The importance of this topic, Salvation, cannot be overstated. It is an absolutely critical dogma of the Christian faith. It has to do with eternity in Heaven or Hell, among many other things.
There are not many theological constructs more important than Salvation.
Being a Good Neighbor
Many people, even Christians, state that one does not have to believe in God or have a personal relationship with Jesus Christ to be “saved”. There seems to be an increasing focus on “being a good neighbor” or doing good works as an exclusive basis for Salvation and eternal life in Heaven. Those who choose to use Scripture to support their views often refer to James 2:26 and Luke 10:27 as their proof texts.
James 2:26, “For just as the body without the spirit is dead, so also faith without works is dead.”
Luke 10:27 “ ‘Love the Lord your God with all your heart and with all your soul and with all your strength and with all your mind’; and, ‘Love your neighbor as yourself.’’”
By combining these two verses out of context with the rest of Scripture, many build a straw man by saying that to love God is to love our neighbor and to love our neighbor (“works”) is the basis of our faith that will carry us to Heaven.
The Biblical Christian will counter this view by quoting Ephesians 2:8-9 which states that “grace” not “works” is the path to Salvation.
Eph. 2:8-9 For it is by grace you have been saved, through faith–and this not from yourselves, it is the gift of God– not by works, so that no one can boast.
Of course, the atheist or frustrated Christian will quote both these verses and say that the Bible has errors and is written by flawed men and cannot be trusted.
The Greatest Commandment in the Bible
My belief is that the Bible is the inerrant Word of God and therefore perfect in its original autographs. As such, verses that seem to contradict must be reconciled as best as man can understand. Unlike other more challenging doctrines (ex. predestination vs. free will), looking at the Bible through the lens of a systematic theology, the reconciliation of these verses seems straightforward.
My view is intertwined with the Greatest Commandment (see Luke 10:27 above), presented similarly in the first three books of the Bible. It speaks to FIRST, loving the Lord and THEN loving our neighbor.
God stated that, “on these two commandments hang all the law and the prophets” (Matt. 22:40), meaning the rest of Scripture is based on this, the Greatest Commandment. My point is that there is an order to God’s laws, to love Him AND THEN love mankind. That order, in my view, helps reconcile Eph. 2:8-9 with James 2:26.
I would argue we cannot truly know God unless we are saved (John 17:3). We can know of Him, but to truly know Him we must have a personal relationship with Him (John 15:4-5). We are saved by God’s grace through faith in Jesus Christ (Eph. 2:8-9). Once we are saved, we need to do His will. To do His will is to love our neighbor. And, loving our neighbor is performing good works referred to in James 2:26.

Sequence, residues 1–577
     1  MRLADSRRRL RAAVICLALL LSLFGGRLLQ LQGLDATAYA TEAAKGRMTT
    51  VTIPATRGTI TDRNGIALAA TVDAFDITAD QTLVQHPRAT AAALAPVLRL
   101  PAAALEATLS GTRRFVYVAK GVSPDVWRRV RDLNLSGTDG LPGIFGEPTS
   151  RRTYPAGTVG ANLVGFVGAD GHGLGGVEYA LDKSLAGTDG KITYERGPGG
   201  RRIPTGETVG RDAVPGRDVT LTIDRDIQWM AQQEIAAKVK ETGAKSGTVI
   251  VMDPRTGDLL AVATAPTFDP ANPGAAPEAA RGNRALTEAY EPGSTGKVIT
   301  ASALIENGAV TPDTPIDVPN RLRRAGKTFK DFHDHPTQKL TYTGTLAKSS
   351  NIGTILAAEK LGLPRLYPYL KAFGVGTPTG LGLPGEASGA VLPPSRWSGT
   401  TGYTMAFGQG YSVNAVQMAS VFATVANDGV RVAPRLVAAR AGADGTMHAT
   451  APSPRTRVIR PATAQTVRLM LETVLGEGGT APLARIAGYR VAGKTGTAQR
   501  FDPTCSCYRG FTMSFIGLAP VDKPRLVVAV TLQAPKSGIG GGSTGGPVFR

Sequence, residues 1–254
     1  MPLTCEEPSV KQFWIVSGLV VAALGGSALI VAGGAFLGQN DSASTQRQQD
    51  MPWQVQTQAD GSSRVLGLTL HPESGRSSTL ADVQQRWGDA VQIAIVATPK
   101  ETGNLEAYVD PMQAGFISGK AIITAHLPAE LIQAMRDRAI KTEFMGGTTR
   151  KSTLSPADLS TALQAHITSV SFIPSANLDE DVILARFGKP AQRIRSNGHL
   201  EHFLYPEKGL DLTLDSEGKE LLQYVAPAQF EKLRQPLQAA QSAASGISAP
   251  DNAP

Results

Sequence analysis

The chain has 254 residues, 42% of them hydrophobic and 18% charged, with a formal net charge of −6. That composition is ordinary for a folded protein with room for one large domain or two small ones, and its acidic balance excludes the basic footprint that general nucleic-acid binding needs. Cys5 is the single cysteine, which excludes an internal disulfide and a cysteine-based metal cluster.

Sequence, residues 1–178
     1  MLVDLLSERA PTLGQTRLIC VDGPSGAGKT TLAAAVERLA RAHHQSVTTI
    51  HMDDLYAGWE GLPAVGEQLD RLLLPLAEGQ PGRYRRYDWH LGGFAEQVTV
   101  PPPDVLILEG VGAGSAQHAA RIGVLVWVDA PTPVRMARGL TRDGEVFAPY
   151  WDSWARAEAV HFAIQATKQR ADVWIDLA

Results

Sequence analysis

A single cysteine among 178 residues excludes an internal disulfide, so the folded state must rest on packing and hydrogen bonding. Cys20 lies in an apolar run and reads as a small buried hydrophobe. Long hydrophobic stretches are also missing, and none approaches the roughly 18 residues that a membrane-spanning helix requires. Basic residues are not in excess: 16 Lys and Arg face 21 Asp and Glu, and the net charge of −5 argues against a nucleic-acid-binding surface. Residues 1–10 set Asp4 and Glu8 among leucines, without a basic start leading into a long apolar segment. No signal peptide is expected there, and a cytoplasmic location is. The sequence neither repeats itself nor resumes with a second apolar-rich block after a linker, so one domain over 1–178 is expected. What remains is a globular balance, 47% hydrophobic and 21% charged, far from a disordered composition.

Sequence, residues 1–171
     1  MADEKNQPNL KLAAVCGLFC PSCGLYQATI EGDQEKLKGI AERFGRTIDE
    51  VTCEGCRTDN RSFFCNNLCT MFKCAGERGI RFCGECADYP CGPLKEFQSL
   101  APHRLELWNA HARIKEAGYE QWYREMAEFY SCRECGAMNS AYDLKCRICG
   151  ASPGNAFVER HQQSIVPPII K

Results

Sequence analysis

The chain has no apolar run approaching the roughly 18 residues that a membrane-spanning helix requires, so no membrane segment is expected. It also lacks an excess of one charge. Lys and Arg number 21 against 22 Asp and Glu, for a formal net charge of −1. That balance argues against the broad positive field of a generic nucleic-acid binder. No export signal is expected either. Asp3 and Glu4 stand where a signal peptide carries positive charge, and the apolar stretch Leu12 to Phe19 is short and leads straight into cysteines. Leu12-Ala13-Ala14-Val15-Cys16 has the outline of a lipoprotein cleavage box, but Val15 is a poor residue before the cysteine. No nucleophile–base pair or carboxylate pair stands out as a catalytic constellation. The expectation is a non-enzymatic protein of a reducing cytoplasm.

John 14:15 “If you love me, you will obey what I command. – Note the order… first love God then do good works.
1 John 4:19 We love because he first loved us. – This verse was in the context of loving our brother. Again, God loved us first (by offering His Son as a sacrifice for our sins) so that we can love our neighbor (works).
John 14:21 Whoever has my commands and obeys them, he is the one who loves me. He who loves me will be loved by my Father, and I too will love him and show myself to him.” – Again, the order that whoever obeys God (works) is the “one who [already] loves me” (grace-based salvation).
Salvation Through Grace – Sanctification Through Works
To make my point more succinct, we are saved by God’s grace (Eph, 2:8-9). Once we are saved, we are compelled to do good works because we love Him and want to serve Him. Those are the good works referred to in James 2:26 which FOLLOW our salvation and are not the basis of our salvation. They are part of the Sanctification process that continues throughout the rest of our lives as believers.
One cannot skip over the first part of the Greatest Commandment (love God) and just do the second part (love our neighbor) and expect to be born-again or saved. However, it is equally true that we cannot just say a prayer as a youth and never change our behavior to reflect God’s will for our lives, and expect to be saved.
The reconciliation of these two supposedly controversial verses (Eph. 2:8-9 and James 2:26) represents a beautiful harmony of what God has done for us and what He expects of us as His children.
John 3:1-5 In reply Jesus declared, “I tell you the truth, no one can see the kingdom of God unless he is born again.’”… “I tell you the truth, no one can enter the kingdom of God unless he is born of water and the Spirit.”
Being “born of the Spirit” is having a true relationship with God through Jesus Christ. It is not works-based salvation.
Luke 23:42-43 Then he [the thief on the cross next to Jesus] said, “Jesus, remember me when you come into your kingdom.’” Jesus answered him, “I tell you the truth, today you will be with me in paradise.”
The thief recognized who Jesus was and asked, by faith, for a relationship with Him. This man could not offer any good works to earn his salvation. And Jesus responded, by grace, “today you will be with me in paradise”. Good works has nothing to do with Salvation. It is an outpouring of man’s desire to love God and do His will, once saved.
Romans 10:9 That if you confess with your mouth, “Jesus is Lord,” and believe in your heart that God raised him from the dead, you will be saved.
Salvation comes from a belief that Jesus Christ is both Savior and Lord of one’s life. To acknowledge in prayer that you are a sinner, that Christ died on the cross for your sins and rose from the grave, ask Him to forgive you of your sins and save your soul. Accept Him as your Savior and Lord and then share your decision with others.